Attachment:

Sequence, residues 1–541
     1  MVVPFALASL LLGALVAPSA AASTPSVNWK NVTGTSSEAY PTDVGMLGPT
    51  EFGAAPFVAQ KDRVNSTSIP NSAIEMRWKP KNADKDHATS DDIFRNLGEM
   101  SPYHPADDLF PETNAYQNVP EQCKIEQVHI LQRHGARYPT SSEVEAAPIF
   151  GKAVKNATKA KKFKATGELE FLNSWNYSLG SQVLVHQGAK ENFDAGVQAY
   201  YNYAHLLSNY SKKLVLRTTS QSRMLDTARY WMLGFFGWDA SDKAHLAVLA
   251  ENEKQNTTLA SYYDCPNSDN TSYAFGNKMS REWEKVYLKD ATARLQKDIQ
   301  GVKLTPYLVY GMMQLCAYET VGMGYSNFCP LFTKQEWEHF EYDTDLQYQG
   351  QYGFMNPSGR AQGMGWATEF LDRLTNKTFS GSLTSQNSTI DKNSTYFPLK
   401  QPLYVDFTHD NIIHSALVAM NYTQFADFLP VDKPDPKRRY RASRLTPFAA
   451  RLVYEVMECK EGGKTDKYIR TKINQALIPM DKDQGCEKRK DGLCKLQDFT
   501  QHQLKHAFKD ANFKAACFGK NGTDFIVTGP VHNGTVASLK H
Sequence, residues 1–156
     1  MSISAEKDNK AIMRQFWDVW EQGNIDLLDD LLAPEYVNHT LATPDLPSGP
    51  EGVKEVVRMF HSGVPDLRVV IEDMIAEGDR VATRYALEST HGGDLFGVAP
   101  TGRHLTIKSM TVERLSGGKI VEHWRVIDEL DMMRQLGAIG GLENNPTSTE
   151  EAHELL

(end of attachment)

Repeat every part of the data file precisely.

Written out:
Sequence, residues 1–541
     1  MVVPFALASL LLGALVAPSA AASTPSVNWK NVTGTSSEAY PTDVGMLGPT
    51  EFGAAPFVAQ KDRVNSTSIP NSAIEMRWKP KNADKDHATS DDIFRNLGEM
   101  SPYHPADDLF PETNAYQNVP EQCKIEQVHI LQRHGARYPT SSEVEAAPIF
   151  GKAVKNATKA KKFKATGELE FLNSWNYSLG SQVLVHQGAK ENFDAGVQAY
   201  YNYAHLLSNY SKKLVLRTTS QSRMLDTARY WMLGFFGWDA SDKAHLAVLA
   251  ENEKQNTTLA SYYDCPNSDN TSYAFGNKMS REWEKVYLKD ATARLQKDIQ
   301  GVKLTPYLVY GMMQLCAYET VGMGYSNFCP LFTKQEWEHF EYDTDLQYQG
   351  QYGFMNPSGR AQGMGWATEF LDRLTNKTFS GSLTSQNSTI DKNSTYFPLK
   401  QPLYVDFTHD NIIHSALVAM NYTQFADFLP VDKPDPKRRY RASRLTPFAA
   451  RLVYEVMECK EGGKTDKYIR TKINQALIPM DKDQGCEKRK DGLCKLQDFT
   501  QHQLKHAFKD ANFKAACFGK NGTDFIVTGP VHNGTVASLK H
Sequence, residues 1–156
     1  MSISAEKDNK AIMRQFWDVW EQGNIDLLDD LLAPEYVNHT LATPDLPSGP
    51  EGVKEVVRMF HSGVPDLRVV IEDMIAEGDR VATRYALEST HGGDLFGVAP
   101  TGRHLTIKSM TVERLSGGKI VEHWRVIDEL DMMRQLGAIG GLENNPTSTE
   151  EAHELL